Local Flavor Edition in Memphis, TN
Located in a former garage in a blue collar neighborhood between Midtown and Soulsville, Payne's Bar-B-Q might be off the beaten path, but the signature dish -- a chopped shoulder sandwich, served mild or hot -- is indubitably the best-tasting bargain in town. Diced with a cleaver into flavorful cubes, then slapped between two pieces of hamburger bun and topped with tangy cole slaw that's an unearthly shade of chartreuse, the humble chopped pork shoulder is elevated to ambrosial status. Even better: A full lunch of sandwich, bag of chips, and cold Coke will set you back a mere four bucks and change.
The Mediterranean meets the Middle East at this popular Midtown lunch counter, situated in the back of a beer-and-cigarettes bodega. Most diners call in orders, but you're welcome to linger over such delicacies as Bi Bim Bop (rice, greens, mushrooms, and carrots topped with a fried egg) or Korean dumplings at a table inside the no-frills convenience store. If you're hungry enough, go for a spicy muffaletta -- this version of the New Orleans specialty is big enough for a family of four -- or sample overstuffed vegetarian pita sandwiches like the Bleeding Heart or the more subtly titled Veggie Delight. Be sure to check out the other clientele -- Ardent Studios, where the Raconteurs, Bob Dylan, and Huey Lewis have recently recorded, is located right across the street, and superstars have been known to cross Madison for a quick bite.
Most of the city's Hispanic population has settled into onto the northern side of East Memphis, hence the name "New Spain." Drive down Summer Avenue between Graham and White Station, and you'll see dozens of tiendas, taquerias, and Mexican cafes. Many are of the fly-by-night category, which is why we have to recommend Guadalupana as the most established of the lot. Expect traditional working class fare, ranging from authentic huevos rancheros to spicy menudo. Tortas (Mexican sandwiches) and tacos are bargain-priced, with protein options running the gamut from familiar (chicken and pork) to exotic (goat and tongue). Wash it down with a glass of horchata, a rice and almond flavored drink, or a bottle of Jarritos soda, imported from south of the border.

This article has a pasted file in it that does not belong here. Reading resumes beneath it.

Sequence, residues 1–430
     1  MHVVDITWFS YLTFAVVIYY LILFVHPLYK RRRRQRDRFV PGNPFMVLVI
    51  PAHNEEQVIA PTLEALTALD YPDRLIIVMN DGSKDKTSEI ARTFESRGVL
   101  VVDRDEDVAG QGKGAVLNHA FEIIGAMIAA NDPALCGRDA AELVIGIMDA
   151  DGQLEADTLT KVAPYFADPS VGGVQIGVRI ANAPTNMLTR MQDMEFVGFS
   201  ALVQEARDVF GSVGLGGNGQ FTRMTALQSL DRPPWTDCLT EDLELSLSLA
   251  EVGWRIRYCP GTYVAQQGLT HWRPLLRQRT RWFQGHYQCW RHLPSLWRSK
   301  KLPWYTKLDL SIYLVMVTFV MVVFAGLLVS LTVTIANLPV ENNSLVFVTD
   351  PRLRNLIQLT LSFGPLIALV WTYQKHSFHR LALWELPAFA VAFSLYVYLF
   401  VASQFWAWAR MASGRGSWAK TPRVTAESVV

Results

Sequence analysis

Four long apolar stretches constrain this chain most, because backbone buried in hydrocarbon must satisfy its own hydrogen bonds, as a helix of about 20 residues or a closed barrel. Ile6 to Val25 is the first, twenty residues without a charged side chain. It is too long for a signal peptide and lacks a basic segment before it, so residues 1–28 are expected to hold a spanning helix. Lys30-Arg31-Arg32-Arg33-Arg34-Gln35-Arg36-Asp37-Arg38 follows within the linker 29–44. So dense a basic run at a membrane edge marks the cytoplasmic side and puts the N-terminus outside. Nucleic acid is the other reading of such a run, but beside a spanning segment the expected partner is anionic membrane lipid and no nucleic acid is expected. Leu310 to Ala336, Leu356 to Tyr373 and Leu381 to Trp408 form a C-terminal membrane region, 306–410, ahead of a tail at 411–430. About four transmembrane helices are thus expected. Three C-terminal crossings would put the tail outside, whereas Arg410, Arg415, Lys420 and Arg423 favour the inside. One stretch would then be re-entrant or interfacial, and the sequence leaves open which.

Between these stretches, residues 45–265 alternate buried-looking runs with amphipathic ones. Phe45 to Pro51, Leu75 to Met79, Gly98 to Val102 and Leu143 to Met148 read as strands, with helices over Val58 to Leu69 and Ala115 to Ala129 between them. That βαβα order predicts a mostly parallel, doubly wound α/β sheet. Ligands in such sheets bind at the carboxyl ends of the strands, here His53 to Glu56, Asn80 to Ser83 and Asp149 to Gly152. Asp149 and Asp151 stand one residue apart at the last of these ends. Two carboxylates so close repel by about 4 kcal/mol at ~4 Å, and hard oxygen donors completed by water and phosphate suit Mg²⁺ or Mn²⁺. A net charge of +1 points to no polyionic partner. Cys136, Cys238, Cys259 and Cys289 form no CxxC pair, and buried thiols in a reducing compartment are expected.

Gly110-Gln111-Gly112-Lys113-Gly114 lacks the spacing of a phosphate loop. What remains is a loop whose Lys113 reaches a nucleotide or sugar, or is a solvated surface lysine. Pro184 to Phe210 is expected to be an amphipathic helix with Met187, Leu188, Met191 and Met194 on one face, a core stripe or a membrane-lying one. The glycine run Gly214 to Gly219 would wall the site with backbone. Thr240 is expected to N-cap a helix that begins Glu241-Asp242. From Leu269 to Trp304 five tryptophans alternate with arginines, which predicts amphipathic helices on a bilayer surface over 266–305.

This cafe, located on the ground floor of a former Masonic Temple rehabbed as a non-profit cultural center, serves as a catalyst for change for the Binghampton community. Manned by chef Erik Waldkirch, a Culinary Institute of America-trained caterer, and his staff, a healthy mix of longtime locals and transplanted refugees, the restaurant's mission is many-fold: Caritas Village provides healthy food options, like grilled salmon salad and piping hot turkey paninis. It serves as a culinary training ground for young chefs looking for an opportunity to work in a professional kitchen, and much of the food is grown in neighborhood garden plots that have sprung up in recent years. Go to fill your stomach, but expect to leave with your heart and soul nourished via the myriad educational programs and art exhibitions that are an indelible part of the Caritas Village experience.
New Orleans' loss was our gain when Gary Williams came north in the post-Katrina migration. A talented chef who hails from the fabled Lower Ninth Ward, Williams took out a lease on a small building just south of the Downtown Memphis skyline a few years ago. Thanks to his trick bag of Creole soul food specialties, which run the gamut from alligator stew and crawfish Etouffee to the best-tasting oyster po boy you'll find this side of I-1o, and a wide range of vegan offerings (think mock chicken salad and curry cabbage-stuffed veggie rolls), Williams and his crew often have a crowd of hungry fans lined up outside six days a week. Be patient -- Williams' bread pudding with whiskey sauce is well worth the wait.